Let me preface by saying that Taoism has a dual nature- as both philosophy and religion.  Both reach their root back into ancient China.  However, much of the traditional “religious” teachings have become hopelessly outdated, and include ideas like conserving a man’s life essence by not ejaculating and attempting to have the woman orgasm 9 times in each session because it echoes the balance of the 9 lines in the I Ching.  These ideas don’t really make any sense to me as a modern woman.  HOWEVER, the supposedly “philosophical” teachings of Taoism- those of non-action, following the Tao, and being at peace with the rhythm of the universe which are found in the Tao Te Ching- still resonates strongly.  I consider these to be religious ideas, because they incorporate an eternal spirit (Tao) and a code of ethics.  So I’m kind of arguing that I have made peace with my sexuality through a religious philosophy.

For starters, if you don’t know what Taoism is, this is a brief rundown:

Taoists believe the existence of the Tao, a life force or energy that exists in and around everything in our world.  It creates a natural order, which when human beings listen to and cooperate with it, life is peaceful and good.  When we contradict the Tao, by disrupting nature or being disrespectful to the harmony of the world, we get problems like war, pollution, and hate.

Taoists try to follow this teaching:

The Master allows things to happen.
She shapes events as they come.
She steps out of the way
and lets the Tao speak for itself.

The beautiful thing about philosophical Taoism is the simplicity of its “doctrine.”  Listen to the universe.  Listen to yourself, because the Tao resides in you and will guide you in the ways of the universe.  So when I “came out to myself” as bisexual (…and then later as pansexual, and again as queer), I didn’t face the struggle that many religious people do.  My religion puts a lot of faith in its followers- that they know who they are and what is best for them as a part of a greater whole in this world.  My sexuality has never hurt anyone.  It does not disrupt nature’s order for the world.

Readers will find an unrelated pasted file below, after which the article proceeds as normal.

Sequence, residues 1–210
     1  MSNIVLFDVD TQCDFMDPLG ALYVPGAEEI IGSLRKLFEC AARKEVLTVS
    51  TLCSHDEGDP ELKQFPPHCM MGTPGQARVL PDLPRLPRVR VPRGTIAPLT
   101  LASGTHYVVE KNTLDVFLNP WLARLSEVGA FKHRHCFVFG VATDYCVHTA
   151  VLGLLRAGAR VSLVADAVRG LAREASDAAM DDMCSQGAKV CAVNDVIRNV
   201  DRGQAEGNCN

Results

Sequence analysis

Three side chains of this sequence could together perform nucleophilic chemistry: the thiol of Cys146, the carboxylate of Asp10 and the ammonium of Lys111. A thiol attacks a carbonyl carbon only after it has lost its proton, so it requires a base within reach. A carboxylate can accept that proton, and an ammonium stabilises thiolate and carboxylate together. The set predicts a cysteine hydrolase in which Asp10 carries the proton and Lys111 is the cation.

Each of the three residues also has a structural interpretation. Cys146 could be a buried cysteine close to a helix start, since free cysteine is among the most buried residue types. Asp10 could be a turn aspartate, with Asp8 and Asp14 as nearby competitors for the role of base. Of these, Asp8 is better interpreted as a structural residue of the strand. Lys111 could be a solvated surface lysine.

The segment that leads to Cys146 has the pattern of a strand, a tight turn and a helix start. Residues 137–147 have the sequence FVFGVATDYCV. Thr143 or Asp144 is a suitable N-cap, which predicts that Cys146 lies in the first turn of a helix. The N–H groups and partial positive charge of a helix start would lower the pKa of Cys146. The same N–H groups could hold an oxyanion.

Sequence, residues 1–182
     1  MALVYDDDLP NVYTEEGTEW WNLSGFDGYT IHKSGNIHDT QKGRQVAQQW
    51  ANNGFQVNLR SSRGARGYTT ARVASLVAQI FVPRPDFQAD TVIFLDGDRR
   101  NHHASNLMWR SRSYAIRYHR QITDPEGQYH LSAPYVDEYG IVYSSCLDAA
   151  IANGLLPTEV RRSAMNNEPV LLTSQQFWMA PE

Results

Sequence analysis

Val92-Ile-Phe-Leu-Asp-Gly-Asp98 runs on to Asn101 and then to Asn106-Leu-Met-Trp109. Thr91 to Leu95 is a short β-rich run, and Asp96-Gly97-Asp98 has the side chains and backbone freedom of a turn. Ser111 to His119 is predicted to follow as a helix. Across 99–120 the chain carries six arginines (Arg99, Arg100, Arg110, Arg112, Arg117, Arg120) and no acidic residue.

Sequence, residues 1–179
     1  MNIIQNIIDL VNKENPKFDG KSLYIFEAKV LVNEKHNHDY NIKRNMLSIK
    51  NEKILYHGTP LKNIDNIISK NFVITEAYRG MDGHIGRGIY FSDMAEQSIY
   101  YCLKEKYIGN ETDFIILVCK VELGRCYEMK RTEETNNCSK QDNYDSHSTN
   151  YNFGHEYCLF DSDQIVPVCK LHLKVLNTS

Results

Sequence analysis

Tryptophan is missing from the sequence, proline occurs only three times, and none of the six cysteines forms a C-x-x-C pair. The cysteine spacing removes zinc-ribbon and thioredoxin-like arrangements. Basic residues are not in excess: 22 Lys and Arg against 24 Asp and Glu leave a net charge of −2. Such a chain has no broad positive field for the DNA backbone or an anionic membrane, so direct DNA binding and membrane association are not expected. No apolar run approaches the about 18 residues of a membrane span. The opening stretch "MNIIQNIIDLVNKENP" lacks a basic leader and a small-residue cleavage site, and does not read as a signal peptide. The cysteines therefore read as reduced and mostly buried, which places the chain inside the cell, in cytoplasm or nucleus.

In fact, I would argue that my sexuality, through my relationships with others, is a very good thing religiously.  Even if I personally am following the Tao and have made peace with my sexuality, there are others out there with hate in their hearts, hate which interrupts the work of the Tao.  If they know me, if they speak to me, learn with me, then their anger might be abated and order slowly restored to their life and the universe as a whole.

In addition, the deep love that I feel for another actually nourishes my spiritual growth.  Through love, I learn to listen to my heart, to use it with respect.  I may be born with the innate ability to love and to care, yet only through practice can I uncover the depth of emotion, tap into the essence of connectedness, and begin to see the underlying patterns the Tao weaves.  Verse 34 of the Tao Te Ching states that the Tao is hidden in the hearts of all things; by connecting and using my heart to love others, I become closer to the Tao within myself.  And this kind of growth occurs no matter who you love- gay, straight, bi, pan, queer, questioning, the labels are irrelevant when you reach that core emotion.  My sexuality is only one version of many which feeds the source, the Tao.

In the end, I think all religions will agree that love triumphs over all.  Taoist would say that those who forget this essential teaching simply need to stop for a moment and listen to the spirit inside of them.  It will always tell you the harmonious way to live.

A wonderful reader sent me this article, by Rev. Mel White, co-founder of the Christian group, Soulforce, which is written in response to the hurtful sometimes even hateful messages LGBT people receive from the Christian community.  I am probably among the worst-versed in Christian theology, so I won’t even try to tackle this argument myself.  This article emphasizes many of the points I’ve heard before about the misinterpretation and misquotation of anti-LGBT verses in the bible.

Here’s a few highlights, although I highly suggest you read the article in its entirety.

  • The Bible is a product of the place and time where it was written (by the Apostles, the Jews of Israel before Christ, etc.), and thus must be taken in the context of its time and only looked to as an authority on its primary subject: faith